Amazon launched a new streaming music service on Thursday as part of its $99 Prime subscription service that includes free video streaming and free delivery.
Overnight the company launched a web page seemingly announcing the new service. "Prime Music" would offer unlimited, ad-free streaming, free with Amazon Prime, according to the site. The company did not provide further information.
Amazon's head of digital music, Steve Boom, told Reuters that because the service is free with Prime, it offers more bang per buck than stand alone streaming services that can cost $10 a month.
"If there area few tracks you want to buy, the cost of doing that in our store will be dramatically less than paying $120 a year for, frankly, a lot of music people don't listen to," Boom said in an interview with the news agency.
The variety of music offered is expected to be wide but not deep, and would not include the newest hits given a six-month delay after albums are launched. One industry insider called the new service "playlist heavy."
Amazon has not responded to requests for comment, but a number of industry sources confirm that deals are inked and the press releases have been written. Both Sony Music and Warner Music Group have signed deals to license their music – neither have commented- but Universal Music Group, the world's largest music label, is not on board.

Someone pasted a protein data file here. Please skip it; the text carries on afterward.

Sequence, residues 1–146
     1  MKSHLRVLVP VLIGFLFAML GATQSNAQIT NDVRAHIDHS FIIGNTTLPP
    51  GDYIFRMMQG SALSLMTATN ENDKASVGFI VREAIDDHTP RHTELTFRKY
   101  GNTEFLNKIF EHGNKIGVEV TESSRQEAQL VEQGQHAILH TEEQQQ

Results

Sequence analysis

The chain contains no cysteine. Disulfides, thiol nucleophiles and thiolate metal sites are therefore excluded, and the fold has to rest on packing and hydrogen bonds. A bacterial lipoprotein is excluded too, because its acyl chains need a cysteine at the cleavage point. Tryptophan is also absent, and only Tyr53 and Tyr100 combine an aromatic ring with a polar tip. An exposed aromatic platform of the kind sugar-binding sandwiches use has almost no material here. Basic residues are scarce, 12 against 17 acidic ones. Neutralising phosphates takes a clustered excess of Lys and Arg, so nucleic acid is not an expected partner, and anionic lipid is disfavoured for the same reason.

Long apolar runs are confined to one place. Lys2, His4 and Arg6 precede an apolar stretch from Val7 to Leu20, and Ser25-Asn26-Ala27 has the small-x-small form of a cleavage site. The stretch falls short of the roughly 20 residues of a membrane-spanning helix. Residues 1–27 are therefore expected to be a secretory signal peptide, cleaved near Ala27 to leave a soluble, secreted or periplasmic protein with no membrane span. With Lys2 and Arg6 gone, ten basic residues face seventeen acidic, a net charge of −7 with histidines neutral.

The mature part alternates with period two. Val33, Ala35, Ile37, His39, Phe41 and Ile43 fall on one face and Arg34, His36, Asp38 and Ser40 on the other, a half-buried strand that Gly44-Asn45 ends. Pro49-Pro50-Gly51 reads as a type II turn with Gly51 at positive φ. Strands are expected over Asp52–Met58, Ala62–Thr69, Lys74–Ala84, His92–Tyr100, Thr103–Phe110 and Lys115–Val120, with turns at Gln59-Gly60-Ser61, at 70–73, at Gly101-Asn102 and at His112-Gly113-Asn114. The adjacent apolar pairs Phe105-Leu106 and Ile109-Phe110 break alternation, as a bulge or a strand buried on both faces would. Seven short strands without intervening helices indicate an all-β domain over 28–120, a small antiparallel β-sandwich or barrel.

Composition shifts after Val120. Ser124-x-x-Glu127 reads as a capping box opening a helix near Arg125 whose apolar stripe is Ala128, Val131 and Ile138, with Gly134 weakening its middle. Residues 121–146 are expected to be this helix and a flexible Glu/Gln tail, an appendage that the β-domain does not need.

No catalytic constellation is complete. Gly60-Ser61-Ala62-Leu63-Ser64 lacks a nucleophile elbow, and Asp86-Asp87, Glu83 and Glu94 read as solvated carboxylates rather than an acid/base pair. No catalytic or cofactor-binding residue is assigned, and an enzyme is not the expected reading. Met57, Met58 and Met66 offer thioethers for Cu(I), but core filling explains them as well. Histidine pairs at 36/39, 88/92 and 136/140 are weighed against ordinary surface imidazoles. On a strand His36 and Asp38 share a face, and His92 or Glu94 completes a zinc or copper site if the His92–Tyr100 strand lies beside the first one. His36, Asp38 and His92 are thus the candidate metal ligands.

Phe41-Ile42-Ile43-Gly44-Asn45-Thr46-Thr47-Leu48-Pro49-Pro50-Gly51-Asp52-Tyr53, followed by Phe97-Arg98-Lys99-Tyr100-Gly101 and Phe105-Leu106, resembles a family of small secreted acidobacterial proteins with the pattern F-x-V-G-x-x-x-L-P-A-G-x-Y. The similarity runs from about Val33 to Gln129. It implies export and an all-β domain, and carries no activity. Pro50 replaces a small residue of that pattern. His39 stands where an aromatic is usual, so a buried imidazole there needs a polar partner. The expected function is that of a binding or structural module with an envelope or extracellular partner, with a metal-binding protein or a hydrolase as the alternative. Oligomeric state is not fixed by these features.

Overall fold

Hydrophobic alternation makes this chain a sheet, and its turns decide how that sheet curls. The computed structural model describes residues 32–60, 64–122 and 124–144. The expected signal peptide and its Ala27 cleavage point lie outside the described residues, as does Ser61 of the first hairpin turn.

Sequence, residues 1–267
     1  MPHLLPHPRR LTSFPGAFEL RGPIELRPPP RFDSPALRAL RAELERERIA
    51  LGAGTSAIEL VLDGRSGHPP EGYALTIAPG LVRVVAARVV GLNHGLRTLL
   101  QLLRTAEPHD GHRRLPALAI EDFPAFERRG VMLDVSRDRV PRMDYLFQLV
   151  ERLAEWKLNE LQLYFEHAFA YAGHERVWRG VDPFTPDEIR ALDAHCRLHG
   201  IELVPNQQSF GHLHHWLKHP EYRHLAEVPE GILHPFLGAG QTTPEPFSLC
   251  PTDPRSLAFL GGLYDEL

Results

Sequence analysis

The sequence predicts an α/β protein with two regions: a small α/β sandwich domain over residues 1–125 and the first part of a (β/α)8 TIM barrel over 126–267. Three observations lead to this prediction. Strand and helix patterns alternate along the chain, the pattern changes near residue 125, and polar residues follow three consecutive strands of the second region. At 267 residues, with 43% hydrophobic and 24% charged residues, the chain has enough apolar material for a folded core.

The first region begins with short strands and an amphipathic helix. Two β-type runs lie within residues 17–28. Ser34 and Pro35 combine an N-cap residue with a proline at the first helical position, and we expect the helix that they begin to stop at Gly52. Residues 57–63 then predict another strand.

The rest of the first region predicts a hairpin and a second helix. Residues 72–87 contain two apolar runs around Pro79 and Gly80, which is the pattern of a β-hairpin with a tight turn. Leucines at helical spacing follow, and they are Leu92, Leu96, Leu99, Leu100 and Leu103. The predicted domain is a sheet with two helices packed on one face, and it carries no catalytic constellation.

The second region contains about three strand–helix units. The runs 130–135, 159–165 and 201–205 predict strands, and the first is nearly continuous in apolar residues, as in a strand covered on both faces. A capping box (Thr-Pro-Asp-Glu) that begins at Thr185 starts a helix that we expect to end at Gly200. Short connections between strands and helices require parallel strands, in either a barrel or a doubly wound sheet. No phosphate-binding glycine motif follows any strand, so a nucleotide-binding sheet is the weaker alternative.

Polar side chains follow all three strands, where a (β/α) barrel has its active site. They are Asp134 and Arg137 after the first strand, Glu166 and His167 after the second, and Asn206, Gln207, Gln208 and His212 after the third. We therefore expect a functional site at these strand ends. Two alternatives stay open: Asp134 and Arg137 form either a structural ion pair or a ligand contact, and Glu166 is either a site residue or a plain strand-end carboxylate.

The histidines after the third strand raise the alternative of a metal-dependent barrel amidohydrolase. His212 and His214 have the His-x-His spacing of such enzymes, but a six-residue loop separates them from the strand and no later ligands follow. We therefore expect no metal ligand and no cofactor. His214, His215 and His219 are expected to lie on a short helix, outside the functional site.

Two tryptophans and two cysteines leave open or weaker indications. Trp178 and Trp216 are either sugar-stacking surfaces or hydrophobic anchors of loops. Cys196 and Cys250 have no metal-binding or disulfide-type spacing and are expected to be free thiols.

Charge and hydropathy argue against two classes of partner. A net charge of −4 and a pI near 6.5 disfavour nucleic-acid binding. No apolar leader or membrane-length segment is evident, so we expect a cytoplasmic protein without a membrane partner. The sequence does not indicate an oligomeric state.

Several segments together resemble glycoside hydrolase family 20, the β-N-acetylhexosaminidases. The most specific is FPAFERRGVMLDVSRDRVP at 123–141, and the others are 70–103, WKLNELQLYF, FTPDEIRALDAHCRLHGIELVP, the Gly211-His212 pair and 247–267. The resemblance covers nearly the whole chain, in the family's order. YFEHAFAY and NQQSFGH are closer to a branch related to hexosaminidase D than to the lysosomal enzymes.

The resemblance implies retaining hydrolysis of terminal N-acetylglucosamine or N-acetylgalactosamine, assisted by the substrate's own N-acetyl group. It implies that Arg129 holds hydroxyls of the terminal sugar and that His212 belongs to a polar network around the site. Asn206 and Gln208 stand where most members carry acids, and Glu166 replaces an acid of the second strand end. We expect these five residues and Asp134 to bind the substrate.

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There's no question that Amazon is already a huge player in the music business, selling music downloads. But with Apple spending $3 billion to buy Beats and its efforts behind iTunes Radio, and Google with its Play Music Store in reported talks to buy music service Songza, Amazon is under pressure to do more.
One source said that while Amazon's launch of streaming music for prime is "certainly not a game changer, it's a step in the right direction." Labels and artists are particularly interested because the 'Prime' service is high visibility on Amazon. That, coupled with the fact that there will be a limited amount of music presented mostly in a playlist format, could drive more music downloads.
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How much will music labels be compensated? One source said all labels will share a royalty pool that's as big as $40 million to $50 million annually. When the compensation is parceled out, the rates are expected to be as good, if not better than other services.
As for Universal Music, while Amazon has offered the music giant a deal, sources tell me Universal found the compensation too low for its A-list artists including Taylor Swift, Lady Gaga, and Elton John. The unresolved negotiation between Universal and Amazon puts the music label in the same camp as publisher Hachette and Warner Brothers, which have both been in a stand-off with Amazon over fees.
—By CNBC's Julia Boorstin